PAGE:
Volume 543, July 2012
|Number of page(s)||9|
|Published online||25 June 2012|
Strategies for the deconvolution of hypertelescope images
1 Université de Nice Sophia-Antipolis, Centre National de la Recherche Scientifique, Observatoire de la Côte d’Azur, UMR 7293 Lagrange, Parc Valrose, 06108 Nice, France
2 Princeton University, Mechanical & Aerospace Engineering, Olden street, Princeton, 08544 NJ, USA
e-mail: firstname.lastname@example.org email@example.com firstname.lastname@example.org
Received: 24 June 2011
Accepted: 24 April 2012
Aims. We study the possibility of deconvolving hypertelescope images and propose a procedure that can be used provided that the densification factor is small enough to make the process reversible.
Methods. We present the simulation of hypertelescope images for an array of cophased densified apertures. We distinguish between two types of aperture densification, one called FAD (full aperture densification) corresponding to Labeyrie’s original technique, and the other FSD (full spectrum densification) corresponding to a densification factor twice as low. Images are compared to the Fizeau mode. A single image of the observed object is obtained in the hypertelescope modes, while in the Fizeau mode the response produces an ensemble of replicas of the object. Simulations are performed for noiseless images and in a photodetection regime. Assuming first that the point spread function (PSF) does not change much over the object extent, we use two classical techniques to deconvolve the images, namely the Richardson-Lucy and image space reconstruction algorithms.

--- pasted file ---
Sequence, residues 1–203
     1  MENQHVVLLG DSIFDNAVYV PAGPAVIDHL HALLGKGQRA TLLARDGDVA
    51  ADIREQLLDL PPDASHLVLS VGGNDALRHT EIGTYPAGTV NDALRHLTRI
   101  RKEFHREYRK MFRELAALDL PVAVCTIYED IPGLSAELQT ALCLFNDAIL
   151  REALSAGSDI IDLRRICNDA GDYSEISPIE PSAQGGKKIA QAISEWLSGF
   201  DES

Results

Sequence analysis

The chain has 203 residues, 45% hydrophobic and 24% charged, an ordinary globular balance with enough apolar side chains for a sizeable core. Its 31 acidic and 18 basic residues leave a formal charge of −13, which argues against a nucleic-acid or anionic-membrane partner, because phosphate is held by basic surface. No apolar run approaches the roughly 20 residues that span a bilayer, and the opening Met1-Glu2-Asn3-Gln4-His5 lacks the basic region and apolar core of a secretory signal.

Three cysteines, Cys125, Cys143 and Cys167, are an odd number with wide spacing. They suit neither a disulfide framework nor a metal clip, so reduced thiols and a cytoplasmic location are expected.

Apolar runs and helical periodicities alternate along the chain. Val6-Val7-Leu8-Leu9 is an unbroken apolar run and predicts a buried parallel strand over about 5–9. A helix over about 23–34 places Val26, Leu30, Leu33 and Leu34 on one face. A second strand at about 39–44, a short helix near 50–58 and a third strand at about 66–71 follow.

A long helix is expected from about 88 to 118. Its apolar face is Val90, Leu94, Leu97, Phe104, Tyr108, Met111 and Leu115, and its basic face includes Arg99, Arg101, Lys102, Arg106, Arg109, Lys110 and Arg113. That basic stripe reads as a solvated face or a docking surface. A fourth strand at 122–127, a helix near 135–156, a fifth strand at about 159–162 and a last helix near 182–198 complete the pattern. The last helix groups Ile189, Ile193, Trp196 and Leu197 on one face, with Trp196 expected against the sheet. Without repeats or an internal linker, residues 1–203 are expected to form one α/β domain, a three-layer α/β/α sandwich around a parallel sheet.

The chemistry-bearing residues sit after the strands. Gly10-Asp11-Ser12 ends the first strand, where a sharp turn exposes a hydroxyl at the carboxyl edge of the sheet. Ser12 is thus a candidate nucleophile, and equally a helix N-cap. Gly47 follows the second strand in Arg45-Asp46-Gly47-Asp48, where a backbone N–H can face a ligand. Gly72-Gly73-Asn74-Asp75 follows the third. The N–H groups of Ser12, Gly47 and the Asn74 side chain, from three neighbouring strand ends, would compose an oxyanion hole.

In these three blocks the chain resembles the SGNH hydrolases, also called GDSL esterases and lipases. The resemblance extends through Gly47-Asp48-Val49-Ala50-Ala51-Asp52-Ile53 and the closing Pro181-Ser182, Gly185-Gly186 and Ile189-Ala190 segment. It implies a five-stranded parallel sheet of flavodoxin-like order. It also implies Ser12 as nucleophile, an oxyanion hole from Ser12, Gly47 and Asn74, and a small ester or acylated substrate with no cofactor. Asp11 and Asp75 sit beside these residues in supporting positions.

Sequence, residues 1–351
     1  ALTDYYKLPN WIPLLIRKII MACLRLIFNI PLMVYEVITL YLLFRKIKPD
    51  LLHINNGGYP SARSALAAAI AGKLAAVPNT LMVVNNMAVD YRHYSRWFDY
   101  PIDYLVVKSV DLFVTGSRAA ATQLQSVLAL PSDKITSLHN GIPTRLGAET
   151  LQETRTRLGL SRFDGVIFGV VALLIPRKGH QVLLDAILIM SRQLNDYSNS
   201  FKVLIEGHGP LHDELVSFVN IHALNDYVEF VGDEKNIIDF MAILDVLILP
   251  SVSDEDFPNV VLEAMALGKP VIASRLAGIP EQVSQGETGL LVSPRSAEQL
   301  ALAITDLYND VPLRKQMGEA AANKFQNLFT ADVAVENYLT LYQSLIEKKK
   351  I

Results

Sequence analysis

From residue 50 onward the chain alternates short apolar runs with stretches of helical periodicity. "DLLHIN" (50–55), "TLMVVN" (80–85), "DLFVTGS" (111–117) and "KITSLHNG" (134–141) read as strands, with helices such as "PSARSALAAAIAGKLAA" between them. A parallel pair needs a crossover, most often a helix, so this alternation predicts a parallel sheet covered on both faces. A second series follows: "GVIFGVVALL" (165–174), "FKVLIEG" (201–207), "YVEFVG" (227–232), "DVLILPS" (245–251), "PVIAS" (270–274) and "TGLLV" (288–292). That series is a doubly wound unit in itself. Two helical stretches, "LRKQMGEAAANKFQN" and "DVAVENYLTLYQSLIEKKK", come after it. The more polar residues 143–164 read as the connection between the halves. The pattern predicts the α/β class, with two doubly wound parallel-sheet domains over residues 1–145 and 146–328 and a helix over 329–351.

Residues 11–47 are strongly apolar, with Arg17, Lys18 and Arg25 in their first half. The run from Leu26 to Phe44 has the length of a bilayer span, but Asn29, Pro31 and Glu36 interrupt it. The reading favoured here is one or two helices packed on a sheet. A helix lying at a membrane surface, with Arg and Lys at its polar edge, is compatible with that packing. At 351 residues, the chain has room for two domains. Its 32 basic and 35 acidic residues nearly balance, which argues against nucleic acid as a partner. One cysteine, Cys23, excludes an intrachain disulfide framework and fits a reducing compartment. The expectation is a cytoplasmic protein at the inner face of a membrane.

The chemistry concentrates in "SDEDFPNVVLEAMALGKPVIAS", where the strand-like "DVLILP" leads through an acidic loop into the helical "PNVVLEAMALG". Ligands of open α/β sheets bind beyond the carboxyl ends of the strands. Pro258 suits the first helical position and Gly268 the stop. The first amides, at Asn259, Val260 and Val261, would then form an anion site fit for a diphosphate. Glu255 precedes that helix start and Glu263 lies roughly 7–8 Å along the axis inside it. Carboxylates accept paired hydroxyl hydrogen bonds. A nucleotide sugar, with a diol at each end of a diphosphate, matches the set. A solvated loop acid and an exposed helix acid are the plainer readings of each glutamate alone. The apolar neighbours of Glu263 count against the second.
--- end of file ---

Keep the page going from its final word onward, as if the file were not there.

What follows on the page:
Results. Both algorithms fail to achieve satisfying results. We interpret this as meaning that it is inappropriate to deconvolve a relation that is not a convolution, even if the variation in the PSF is very small across the object extent. We propose instead the application of a redilution to the densified image prior to its deconvolution, i.e. to recover an image similar to the Fizeau observation. This inverse operation is possible only when the rate of densification is no more than in the FSD case. This being done, the deconvolution algorithms become efficient. The deconvolution brings together the replicas into a single high-quality image of the object. This is heuristically explained as an inpainting of the Fourier plane. This procedure makes it possible to obtain improved images while retaining the benefits of hypertelescopes for image acquisition consisting of detectors with a small number of pixels.
Key words: instrumentation: high angular resolution / instrumentation: interferometers / techniques: high angular resolution / techniques: interferometric
© ESO, 2012
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